### COMMON COLLECTOR TRANSISTOR CONFIGURATION BASICS AND TUTORIALS

WHAT IS COMMON COLLECTOR TRANSISTOR CONFIGURATION

Figure 1 is a practical example of a common-collector transistor amplifier. Note that the output is taken off of the emitter instead of the collector (as in the common-emitter configuration).

A common-collector amplifier is not capable of voltage gain. In fact, there is a very slight loss of voltage amplitude between input and output. However, for all practical purposes, we can consider the voltage gain at unity. Common-collector amplifiers are noninverting, meaning the output signal is in phase with the input signal.

Essentially, the output signal is an exact duplicate of the input signal. For this reason, common-collector amplifiers are often called emitter-follower amplifiers, because the emitter voltage follows the base voltage.

Common-collector amplifiers are current amplifiers. The current gain for the circuit illustrated in Fig. 1 is the parallel resistance value of R1 and R2, divided by the resistance value of R3. R1 and R2 are both 20 Kohms in value, so their parallel resistance value is 10 Kohms.

This 10 Kohms divided by 1 Kohm (the value of R3) gives us a current gain of 10 for this circuit. Because the voltage gain is considered to be unity (1), the power gain for a common-collector amplifier is considered equal to the current gain (10, in this particular case).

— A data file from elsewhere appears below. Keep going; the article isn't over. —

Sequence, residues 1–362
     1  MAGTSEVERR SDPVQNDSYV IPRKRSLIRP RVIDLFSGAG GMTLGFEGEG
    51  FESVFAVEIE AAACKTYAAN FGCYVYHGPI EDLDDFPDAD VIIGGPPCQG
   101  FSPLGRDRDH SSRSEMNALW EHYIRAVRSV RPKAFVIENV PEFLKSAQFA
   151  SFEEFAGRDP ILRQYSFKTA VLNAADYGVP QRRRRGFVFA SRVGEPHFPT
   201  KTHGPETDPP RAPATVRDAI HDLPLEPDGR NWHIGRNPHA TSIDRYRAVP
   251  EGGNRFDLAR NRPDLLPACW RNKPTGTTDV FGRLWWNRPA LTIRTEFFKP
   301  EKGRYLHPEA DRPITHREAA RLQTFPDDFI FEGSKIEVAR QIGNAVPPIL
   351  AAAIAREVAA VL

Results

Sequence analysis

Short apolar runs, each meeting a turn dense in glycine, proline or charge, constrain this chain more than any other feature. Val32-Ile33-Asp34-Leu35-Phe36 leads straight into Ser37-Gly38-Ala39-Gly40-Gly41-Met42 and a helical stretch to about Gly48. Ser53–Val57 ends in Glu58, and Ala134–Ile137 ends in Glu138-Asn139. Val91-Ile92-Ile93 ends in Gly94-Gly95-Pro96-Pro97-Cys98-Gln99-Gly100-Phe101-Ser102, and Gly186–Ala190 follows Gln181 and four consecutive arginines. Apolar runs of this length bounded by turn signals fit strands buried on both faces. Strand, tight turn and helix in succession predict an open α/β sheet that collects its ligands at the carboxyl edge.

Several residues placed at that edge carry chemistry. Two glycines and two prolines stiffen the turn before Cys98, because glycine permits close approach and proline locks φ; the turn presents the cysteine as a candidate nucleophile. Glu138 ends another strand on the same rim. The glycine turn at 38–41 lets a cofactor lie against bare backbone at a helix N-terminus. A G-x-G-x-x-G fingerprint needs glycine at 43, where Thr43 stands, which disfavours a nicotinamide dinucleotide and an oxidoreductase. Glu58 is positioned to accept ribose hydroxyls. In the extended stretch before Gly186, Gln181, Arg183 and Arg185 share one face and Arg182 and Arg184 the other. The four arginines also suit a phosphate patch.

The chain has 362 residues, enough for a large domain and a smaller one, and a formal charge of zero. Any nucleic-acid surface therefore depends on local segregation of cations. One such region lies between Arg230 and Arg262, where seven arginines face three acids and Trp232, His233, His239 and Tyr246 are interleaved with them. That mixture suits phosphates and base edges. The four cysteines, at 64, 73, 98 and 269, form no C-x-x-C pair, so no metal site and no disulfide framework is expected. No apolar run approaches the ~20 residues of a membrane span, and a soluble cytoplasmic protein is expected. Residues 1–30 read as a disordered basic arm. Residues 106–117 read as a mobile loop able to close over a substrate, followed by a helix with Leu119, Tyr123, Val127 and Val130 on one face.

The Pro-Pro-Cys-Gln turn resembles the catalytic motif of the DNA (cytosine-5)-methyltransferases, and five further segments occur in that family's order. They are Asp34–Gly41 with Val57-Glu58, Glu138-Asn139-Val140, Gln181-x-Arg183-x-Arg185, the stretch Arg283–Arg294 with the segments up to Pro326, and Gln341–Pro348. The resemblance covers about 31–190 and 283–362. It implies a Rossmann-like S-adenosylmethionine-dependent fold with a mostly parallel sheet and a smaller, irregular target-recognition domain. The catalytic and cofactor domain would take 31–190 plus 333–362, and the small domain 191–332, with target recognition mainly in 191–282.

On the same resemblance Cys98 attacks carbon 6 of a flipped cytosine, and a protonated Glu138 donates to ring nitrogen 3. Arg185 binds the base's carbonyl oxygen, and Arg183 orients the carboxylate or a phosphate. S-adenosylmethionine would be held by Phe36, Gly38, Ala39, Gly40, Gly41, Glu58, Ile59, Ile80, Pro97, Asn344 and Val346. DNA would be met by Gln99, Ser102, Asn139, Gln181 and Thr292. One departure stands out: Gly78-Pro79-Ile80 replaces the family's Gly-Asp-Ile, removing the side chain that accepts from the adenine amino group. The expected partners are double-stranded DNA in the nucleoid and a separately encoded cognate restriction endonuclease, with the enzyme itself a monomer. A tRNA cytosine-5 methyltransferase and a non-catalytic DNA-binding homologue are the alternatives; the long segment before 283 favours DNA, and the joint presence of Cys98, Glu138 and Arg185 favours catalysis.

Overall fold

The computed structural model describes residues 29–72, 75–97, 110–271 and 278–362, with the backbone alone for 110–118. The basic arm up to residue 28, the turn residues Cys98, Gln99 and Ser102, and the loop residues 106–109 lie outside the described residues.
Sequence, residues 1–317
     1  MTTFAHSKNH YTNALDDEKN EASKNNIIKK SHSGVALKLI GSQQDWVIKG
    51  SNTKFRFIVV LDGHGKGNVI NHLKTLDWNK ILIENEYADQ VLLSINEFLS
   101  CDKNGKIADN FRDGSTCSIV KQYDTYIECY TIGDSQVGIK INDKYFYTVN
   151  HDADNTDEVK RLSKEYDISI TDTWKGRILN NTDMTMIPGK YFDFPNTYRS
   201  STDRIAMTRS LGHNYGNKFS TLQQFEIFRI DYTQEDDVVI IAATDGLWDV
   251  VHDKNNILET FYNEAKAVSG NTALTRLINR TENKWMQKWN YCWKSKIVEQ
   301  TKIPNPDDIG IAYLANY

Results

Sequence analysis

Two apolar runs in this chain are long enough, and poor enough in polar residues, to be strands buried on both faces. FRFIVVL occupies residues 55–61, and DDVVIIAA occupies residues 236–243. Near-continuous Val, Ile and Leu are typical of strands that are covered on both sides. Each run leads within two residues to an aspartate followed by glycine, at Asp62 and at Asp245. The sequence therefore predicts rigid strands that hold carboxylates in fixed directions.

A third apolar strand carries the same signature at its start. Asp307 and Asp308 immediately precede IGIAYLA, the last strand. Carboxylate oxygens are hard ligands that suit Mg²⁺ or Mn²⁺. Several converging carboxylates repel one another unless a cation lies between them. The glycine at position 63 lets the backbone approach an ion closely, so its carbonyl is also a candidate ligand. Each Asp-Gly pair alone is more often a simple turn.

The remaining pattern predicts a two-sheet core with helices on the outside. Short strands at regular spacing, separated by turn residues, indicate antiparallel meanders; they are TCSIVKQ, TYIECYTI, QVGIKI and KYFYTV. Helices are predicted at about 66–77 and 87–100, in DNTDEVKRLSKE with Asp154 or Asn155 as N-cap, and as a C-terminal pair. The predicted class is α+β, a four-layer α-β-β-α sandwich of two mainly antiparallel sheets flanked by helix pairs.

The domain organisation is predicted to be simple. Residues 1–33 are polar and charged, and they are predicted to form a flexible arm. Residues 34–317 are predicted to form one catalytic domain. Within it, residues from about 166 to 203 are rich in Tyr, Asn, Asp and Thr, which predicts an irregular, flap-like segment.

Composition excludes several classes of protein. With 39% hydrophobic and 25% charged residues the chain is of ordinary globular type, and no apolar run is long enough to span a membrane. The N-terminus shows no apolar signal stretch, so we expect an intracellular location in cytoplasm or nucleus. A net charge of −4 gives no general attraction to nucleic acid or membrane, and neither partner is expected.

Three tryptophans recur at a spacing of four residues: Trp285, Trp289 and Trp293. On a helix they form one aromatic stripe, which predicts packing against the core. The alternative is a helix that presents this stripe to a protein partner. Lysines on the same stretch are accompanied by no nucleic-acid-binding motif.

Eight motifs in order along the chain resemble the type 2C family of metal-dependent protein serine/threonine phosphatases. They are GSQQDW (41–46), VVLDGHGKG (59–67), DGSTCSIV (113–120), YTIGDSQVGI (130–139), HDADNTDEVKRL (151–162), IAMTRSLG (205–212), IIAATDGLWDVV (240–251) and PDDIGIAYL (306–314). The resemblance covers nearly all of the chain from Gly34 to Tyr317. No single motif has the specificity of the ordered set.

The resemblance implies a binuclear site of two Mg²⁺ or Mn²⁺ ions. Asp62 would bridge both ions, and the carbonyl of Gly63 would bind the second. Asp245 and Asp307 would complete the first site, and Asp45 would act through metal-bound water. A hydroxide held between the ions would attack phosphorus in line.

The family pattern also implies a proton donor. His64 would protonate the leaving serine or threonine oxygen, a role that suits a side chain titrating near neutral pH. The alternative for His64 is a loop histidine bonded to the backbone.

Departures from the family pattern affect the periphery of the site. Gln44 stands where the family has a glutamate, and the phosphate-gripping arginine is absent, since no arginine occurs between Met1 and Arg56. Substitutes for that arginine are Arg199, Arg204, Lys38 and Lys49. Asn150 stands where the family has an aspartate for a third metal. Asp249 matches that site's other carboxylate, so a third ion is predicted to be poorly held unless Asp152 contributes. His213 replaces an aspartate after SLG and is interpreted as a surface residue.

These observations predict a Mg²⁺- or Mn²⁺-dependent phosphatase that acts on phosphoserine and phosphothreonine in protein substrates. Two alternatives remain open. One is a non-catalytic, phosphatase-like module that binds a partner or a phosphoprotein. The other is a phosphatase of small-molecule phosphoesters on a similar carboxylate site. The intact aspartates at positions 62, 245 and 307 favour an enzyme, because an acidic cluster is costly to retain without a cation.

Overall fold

The input impedance of common-collector amplifiers is typically higher than the other transistor configurations. It is the parallel resistive effect of R1, R2, and the product of the value of R3 times the beta value.

Because beta times the R3 value is usually much higher than that of R1 or R2, you can closely estimate the input impedance by simply considering it to be the parallel resistance of R1 and R2. In this case, the input impedance would be about 10 Kohms.

The traditional method of calculating the output impedance of common-collector amplifiers is to divide the value of R3 by the transistor’s beta value. Although this method is still appropriate, a closer estimate can probably be obtained by considering the output impedance of most transistors to be about 80 ohms.

This 80-ohm output impedance should be viewed as being in parallel with R3, giving us a calculated output impedance of about 74 ohms (80 ohms in parallel with 1000 ohms). Resistors R1 and R2 have the same function within a common-collector amplifier as previously discussed with common-emitter amplifiers.

The high negative feedback produced by R3 provides excellent temperature stability and immunity from transistor variables. The circuit illustrated in Fig. 1 can be a valuable building block toward future projects.